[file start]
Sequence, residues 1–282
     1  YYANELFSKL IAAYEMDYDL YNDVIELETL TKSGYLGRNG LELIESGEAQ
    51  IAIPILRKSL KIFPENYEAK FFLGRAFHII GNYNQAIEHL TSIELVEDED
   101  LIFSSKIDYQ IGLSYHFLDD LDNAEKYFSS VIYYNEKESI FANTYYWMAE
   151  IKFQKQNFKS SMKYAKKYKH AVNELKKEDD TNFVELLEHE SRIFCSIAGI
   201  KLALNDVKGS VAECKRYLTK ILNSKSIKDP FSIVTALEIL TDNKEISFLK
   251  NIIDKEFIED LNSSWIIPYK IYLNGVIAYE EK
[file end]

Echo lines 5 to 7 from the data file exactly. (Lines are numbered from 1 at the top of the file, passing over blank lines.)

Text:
   151  IKFQKQNFKS SMKYAKKYKH AVNELKKEDD TNFVELLEHE SRIFCSIAGI
   201  KLALNDVKGS VAECKRYLTK ILNSKSIKDP FSIVTALEIL TDNKEISFLK
   251  NIIDKEFIED LNSSWIIPYK IYLNGVIAYE EK